When I was a child, automobiles were a rare sight in my little town in Northern Italy, but bicycles were everywhere. We rode our bikes to school, to work, to the movies. We biked or we walked. My grandfather, an avid hunter, even walked to his hunting grounds in the mountains.
My great-uncle, my grandfather’s brother, convinced him they should split the cost and buy a motorcycle, a used, reliable motorcycle.
The wives weren’t too keen on the idea. The sly husbands asked some friends of theirs to come for a visit, a young married couple who arrived on a motorcycle. The ploy worked. The younger couple convinced my great aunt and my grandmother such transportation could be a pleasure and a blessing. To understand this, you need to close your eyes and picture my grandmother and great aunt, their grey hair in long braids twisted into buns on top of their heads. Two women who never owned a pair of trousers, they always carried rosaries in their purses. Yet, somehow they were convinced.
With their wives’ blessings, my grandfather and my great uncle set out to find an affordable motorcycle. They stored it in what had originally been a barn, converted to a large, clean storage place.
Uncle had a friend who taught him to ride. The bike was big. At least it looked that way because I was only five years old. The plan was for Uncle to learn first then teach his brother.
After a few lessons, Uncle decided he was ready to show the family how great this metal steed could be. We lined up outside and my great uncle brought out the shiny motorcycle. When he started the engine we put our hands over our ears.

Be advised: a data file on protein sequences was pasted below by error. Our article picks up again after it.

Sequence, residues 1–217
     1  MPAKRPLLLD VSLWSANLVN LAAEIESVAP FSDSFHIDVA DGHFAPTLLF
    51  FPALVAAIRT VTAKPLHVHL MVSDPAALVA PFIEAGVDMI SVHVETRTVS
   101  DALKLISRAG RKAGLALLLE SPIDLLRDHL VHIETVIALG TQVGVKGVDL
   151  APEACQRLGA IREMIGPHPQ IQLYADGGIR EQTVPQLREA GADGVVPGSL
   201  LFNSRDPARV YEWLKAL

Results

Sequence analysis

My cousin and I giggled and jumped with excitement. The grown-ups took turns sitting behind Uncle then taking short rides with him. My grandfather took a ride. So did my grandmother.
Uncle motioned to us. “Come on, girls. Get on. Let’s go for a ride.”
We were scared but excited. It took my great aunt bribing us with cookies before my cousin and I climbed aboard. Of course my grandmother made sure our ruffled dresses properly covered our chubby little legs. I was squeezed between my uncle and my little cousin. The rumbling of the engine had us shaking, but when the spin was over we clapped our hands and asked for more.
The next week my uncle, now a self-declared expert rider, started teaching my grandfather. One Sunday the family gathered at a relative’s house. My grandfather and grandmother planned to come later on the motorcycle.
The day went on, but my grandparents never showed up. There were no phones to call them, and some grew worried. By three in the afternoon, we all went home but Nonna and Nonno weren’t there either.
It was later around four-thirty they came walking home. My grandma kept mumbling to herself and looked as mad as hell. My grandpa looked beat, flustered and somehow apologetic.
We found out later, they left on the motorcycle dressed in their Sunday best to head to our relatives’ place. It wasn’t long before Grandpa realized he never learned how to stop the motorbike. Rather than admit it to my grandma, he just kept on going.
“It’s such a nice, sunny day, let me show you around a little.”
It didn’t take long for grandma to figure out what the story was. After an hour or so of aimless riding, she was so mad, tired and thirsty, she kept pummeling Grandpa’s back. They drove around until they ran out of gas. My grandpa pushed the bike to a friend’s house, and they walked home. Grandpa never touched the motorcycle again.